Explore the awesome and remote Outback where sacred Aboriginal rocks rule the land
This is the land of ‘Dreamtime’, the part of Australia most in touch with its Aboriginal culture. The Northern Territory has waterfall-filled national parks and ancient art etched into rocks, and in the Outback, you’ll find pockets of time where there’s nothing but you and the rugged dirt landscapes – perfect for an exhilarating road trip. It’s where everything is a little wilder and every journey is richly rewarded for it.
- Catch sunrise and sunset at Uluru for spellbinding views at this magical landmark
- Explore rugged, natural wonders like nearby Kata Tjuta (The Olgas) and Kings Canyon
- Hike around Katherine Gorge in the Top End and see its waterfalls or cruise down the river and spot crocodiles
- Learn the enchanting creation stories around the Aboriginal Dreamtime and see rock paintings in Kakadu
- Visit Northern Territory's cities Darwin and Alice Springs for Outback culture and adventure-filled day trips.
Best time to visit Outback & Northern Territory
In the tropical Top End the dry season runs from April to October with warm but fairly dry days. Between November and March, there's increased rain and cooler temperatures. The central region is semi-arid and experiences four seasons; it does not generally experience the tropical rains from the north but as a desert environment can get pretty cold during winter.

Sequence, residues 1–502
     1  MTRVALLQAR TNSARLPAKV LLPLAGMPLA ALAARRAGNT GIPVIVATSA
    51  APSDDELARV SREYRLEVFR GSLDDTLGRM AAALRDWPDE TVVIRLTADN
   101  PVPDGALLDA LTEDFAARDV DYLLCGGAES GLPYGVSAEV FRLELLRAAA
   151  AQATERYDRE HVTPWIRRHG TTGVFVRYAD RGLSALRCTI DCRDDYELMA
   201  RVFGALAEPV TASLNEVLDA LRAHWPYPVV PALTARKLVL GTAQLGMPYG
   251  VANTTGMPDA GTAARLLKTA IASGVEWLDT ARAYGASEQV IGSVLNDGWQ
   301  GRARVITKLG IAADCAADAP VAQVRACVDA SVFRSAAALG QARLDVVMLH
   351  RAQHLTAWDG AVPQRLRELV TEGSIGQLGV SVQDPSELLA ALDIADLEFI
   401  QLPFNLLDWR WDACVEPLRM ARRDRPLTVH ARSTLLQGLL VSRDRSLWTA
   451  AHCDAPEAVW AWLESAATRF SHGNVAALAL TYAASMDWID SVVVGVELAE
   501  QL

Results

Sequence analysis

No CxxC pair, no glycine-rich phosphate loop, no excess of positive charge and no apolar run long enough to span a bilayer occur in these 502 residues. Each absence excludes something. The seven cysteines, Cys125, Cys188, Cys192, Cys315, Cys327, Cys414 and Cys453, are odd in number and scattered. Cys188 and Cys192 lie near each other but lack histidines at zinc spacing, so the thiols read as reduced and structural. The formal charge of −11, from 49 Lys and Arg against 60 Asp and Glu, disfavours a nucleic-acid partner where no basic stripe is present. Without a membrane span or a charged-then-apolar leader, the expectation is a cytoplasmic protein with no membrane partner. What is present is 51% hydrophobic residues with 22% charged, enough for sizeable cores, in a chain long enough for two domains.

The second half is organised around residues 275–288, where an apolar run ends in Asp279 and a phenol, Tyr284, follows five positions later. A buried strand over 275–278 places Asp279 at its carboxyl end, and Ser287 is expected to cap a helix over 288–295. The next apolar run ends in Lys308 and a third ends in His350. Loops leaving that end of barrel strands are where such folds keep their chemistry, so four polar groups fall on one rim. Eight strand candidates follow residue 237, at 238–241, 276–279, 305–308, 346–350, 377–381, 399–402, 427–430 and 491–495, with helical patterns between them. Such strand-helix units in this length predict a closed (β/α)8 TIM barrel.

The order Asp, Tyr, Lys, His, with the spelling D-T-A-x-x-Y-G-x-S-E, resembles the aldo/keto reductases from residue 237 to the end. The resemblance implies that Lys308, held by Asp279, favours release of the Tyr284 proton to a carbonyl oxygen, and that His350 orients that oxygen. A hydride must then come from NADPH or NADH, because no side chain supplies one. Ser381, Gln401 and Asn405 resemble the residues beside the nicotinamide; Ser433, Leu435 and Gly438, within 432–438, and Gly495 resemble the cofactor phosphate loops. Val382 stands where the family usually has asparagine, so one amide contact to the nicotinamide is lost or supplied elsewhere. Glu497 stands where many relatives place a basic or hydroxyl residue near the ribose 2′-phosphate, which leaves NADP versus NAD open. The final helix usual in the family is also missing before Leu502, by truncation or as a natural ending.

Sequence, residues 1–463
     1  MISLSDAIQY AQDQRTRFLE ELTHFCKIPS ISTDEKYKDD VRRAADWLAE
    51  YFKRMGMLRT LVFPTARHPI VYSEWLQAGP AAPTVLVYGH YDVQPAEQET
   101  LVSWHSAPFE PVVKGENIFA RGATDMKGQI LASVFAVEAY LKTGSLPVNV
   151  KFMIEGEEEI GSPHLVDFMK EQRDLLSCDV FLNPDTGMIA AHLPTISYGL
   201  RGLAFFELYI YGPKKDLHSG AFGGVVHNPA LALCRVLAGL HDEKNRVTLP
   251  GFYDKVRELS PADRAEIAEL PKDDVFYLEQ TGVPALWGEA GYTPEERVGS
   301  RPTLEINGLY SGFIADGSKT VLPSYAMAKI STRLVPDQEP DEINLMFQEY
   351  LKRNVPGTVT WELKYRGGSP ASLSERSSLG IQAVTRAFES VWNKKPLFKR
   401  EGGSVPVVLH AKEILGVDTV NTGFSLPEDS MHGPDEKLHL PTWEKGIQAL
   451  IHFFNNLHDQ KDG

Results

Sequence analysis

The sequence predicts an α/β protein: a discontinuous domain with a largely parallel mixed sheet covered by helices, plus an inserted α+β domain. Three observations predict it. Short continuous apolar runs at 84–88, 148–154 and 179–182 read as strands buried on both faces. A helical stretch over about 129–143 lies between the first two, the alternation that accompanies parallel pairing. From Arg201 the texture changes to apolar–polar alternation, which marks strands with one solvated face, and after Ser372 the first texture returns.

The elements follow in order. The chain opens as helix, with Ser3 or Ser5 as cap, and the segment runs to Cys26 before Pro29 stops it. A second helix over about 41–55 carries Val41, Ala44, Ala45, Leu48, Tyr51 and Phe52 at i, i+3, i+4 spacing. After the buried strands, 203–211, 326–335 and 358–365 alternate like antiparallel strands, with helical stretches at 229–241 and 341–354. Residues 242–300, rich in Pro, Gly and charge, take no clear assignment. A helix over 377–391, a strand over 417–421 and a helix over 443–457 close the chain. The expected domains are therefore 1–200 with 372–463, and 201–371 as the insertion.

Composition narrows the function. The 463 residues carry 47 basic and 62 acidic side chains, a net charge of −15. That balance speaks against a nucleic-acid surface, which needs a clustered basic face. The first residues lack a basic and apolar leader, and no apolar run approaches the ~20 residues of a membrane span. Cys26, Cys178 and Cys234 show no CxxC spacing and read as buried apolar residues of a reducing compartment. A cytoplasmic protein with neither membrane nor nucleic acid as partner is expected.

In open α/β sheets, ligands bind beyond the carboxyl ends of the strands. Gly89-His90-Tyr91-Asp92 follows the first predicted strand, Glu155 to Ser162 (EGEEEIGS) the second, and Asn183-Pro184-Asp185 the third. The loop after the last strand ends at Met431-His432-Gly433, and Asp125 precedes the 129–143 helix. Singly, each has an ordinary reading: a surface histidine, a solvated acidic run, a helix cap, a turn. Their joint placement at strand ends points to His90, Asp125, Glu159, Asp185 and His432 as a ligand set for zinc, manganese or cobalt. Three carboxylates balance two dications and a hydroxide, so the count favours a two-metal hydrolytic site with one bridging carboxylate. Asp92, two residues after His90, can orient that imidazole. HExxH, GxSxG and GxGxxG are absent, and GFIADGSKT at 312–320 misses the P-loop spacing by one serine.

Outback & Northern Territory holiday highlights
Australia’s most famous Outback Town, Alice Springs is many people’s gateway to the Red Centre. Visit local historic landmarks like the old telegraph station and the Royal Flying Doctor Service museum, and take in the views from Anzac Hill and the Alice Springs Desert Park. Slightly further afield are the rugged MacDonnell Ranges where you can take walks to spectacular gorges. Visit on the third Saturday in August and you may encounter the Henley-on-Todd Regatta.
From Alice Springs, it’s around five and a half hours’ drive to Uluru-Kata Tjuta National Park where you can stay within sight of the great sandstone monolith for the famous sunset and sunrise views. In nearby Kings Canyon, you can get close-up edge views of the steep canyon below and visit the ‘Garden of Eden’.
Then there's Australia's Top End. Darwin is known for its sunsets and markets, and maintains a frontier aura, with the bush clamouring at the city limits. In Nitmiluk National Park, the 13 gorges of the Katherine River are a stunning sight for both day trippers and the resident crocodile.